My E.T. adventures did not end with the publication of E.T.: The Storybook Of The Green Planet. Nearing the completion of the book, I was contacted by the ad agency handling the marketing for the re-release of the movie that summer (1985). They wanted me to create materials for McDonald’s – a Happy Meal box and posters to be given away with the meal.

To this day I regret that I declined to design the Happy Meal box. At the time, it seemed like the worst thing imaginable. Now, I kinda wish I had one of those boxes to call my own.

I did agree to do the posters, though. Another big payday and another work-for-hire and they kept the art (The “NEVER again” from the last post included this job). There would be four posters, one given away each week of the E.T. promotion. Looking back, I’m amazed at how much leeway I had in deciding what images to use on the posters. Advertising is notorious for its micromanagement.

The people I dealt with certainly did hold up to the stereotype of the harried ad exec. They were super type A personalities – fast-talking, frantic, and seemingly terrified of losing their jobs. My favorite comment from them was when they asked if I could hide E.T. behind a tree or something, because they thought he was so incredibly ugly. This character is loved by literally millions of people and they want to hide him. I loved it.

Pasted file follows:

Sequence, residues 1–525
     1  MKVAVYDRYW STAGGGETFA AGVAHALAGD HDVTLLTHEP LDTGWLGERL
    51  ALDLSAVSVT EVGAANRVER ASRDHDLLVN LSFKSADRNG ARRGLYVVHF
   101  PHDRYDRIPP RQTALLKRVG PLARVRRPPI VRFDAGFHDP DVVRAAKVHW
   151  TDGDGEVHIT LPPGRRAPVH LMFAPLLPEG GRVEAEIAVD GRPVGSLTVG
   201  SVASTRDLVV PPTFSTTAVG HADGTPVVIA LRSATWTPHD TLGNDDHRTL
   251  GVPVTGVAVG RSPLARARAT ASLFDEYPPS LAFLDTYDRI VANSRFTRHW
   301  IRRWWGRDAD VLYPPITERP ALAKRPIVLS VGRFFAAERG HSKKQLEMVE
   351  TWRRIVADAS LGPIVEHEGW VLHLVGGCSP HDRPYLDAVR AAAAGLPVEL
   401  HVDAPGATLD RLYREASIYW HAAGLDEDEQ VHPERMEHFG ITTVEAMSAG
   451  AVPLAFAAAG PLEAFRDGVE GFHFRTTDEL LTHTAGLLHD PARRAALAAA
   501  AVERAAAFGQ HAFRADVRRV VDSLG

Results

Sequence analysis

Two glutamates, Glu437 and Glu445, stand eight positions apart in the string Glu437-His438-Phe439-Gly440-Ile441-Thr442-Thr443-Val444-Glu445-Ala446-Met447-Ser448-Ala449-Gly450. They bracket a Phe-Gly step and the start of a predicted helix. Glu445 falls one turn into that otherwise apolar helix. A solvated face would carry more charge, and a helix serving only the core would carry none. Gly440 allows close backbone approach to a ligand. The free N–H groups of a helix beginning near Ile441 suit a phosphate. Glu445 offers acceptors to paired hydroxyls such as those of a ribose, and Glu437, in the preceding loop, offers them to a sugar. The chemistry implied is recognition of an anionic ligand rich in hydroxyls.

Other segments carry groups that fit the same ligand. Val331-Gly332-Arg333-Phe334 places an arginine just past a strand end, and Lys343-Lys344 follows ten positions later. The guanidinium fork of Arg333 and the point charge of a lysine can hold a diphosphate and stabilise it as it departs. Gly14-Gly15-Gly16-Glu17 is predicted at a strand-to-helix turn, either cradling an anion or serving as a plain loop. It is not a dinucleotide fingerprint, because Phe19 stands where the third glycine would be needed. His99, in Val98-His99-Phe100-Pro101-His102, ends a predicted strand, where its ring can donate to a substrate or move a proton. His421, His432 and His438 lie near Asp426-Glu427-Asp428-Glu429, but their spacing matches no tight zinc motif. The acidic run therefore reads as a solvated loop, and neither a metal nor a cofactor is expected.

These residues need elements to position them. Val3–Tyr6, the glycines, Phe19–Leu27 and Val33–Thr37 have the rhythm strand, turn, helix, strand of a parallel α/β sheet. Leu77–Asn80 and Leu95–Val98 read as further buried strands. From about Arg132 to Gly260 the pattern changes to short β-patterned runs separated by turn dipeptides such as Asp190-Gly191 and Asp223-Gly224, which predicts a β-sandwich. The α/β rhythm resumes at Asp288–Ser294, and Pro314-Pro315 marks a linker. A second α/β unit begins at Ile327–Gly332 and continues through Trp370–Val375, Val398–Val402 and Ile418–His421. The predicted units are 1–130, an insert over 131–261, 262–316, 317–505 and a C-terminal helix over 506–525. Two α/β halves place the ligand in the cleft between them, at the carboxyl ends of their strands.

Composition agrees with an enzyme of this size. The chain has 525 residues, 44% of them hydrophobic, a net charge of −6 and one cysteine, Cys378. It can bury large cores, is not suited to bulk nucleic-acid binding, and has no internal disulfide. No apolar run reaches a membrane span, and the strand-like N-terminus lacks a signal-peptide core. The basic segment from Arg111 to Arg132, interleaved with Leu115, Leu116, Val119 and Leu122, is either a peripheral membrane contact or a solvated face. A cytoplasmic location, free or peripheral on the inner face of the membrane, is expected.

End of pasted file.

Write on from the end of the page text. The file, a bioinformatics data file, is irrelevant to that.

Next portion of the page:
The posters were 17” wide X 24” high. I worked at size. This is the first one I did:

ET 1 1985 a

I signed it. I knew full well that advertising art was never signed unless you were Peter Max or Leroy Neiman. They went nuts. This was in pre-Photoshop days, so I’m impressed that they got rid of the signature so skillfully.

Here they all are:

posters 1a


posters 2a

Leaning pretty heavily on the photo reference in that last one.

And here is the counter display that held the posters:

ET poster display a

In digging up the stuff for this post, I found a Polaroid (Yes!) that I used for reference while working on the posters:

et ref

Even though I got plenty of copies of the posters, I went into a McDonald’s each week of the promotion just to see them. At the end of the last week someone at a local “restaurant” was nice enough to give me one of the display stands.

The press run on a picture book, particularly for someone like me who was just starting out, is pretty small.

They printed 20 million of these posters.

And that, I thought, was the end of E.T.

Not so. It seems I had become The Guy Who Does E.T. One problem – I didn’t want to be The Guy Who Does E.T. Calls started coming in to do more E.T. illustration jobs and I did the first one, for The Electric Company magazine – it was a paying job after all.

ET electric co lo

No, you won’t see my illustrations. Dreadful.

I didn’t want to get pigeonholed doing this kind of work, so I turned the rest down. The last offer was the hardest. It came from MCA again and was to create all the packaging for (I think) the videotape release of the movie as well as a set of commemorative E.T. coins (Really?).

BIG money. But, I couldn’t bring myself to do it. I had begun working on Free Fall, my first authored book, and that was what I wanted to be doing.

I was now The Guy Who No Longer Does E.T.

THAT, I thought was the end of my E.T. adventure.


Okay, the next part isn’t really E.T., but it’s close. In June of 1985, Mr. Spielberg and his girlfriend, the actress Amy Irving, were expecting a child. I got a call from Spielberg’s office asking if I would create the birth announcement.

Well, sure!

They had the concept – it was based on the poster from Close Encounters Of The Third Kind:

CloseEncounters 2

We Are Not Alone. Nice:

spielberg 2lo

spielberg 1

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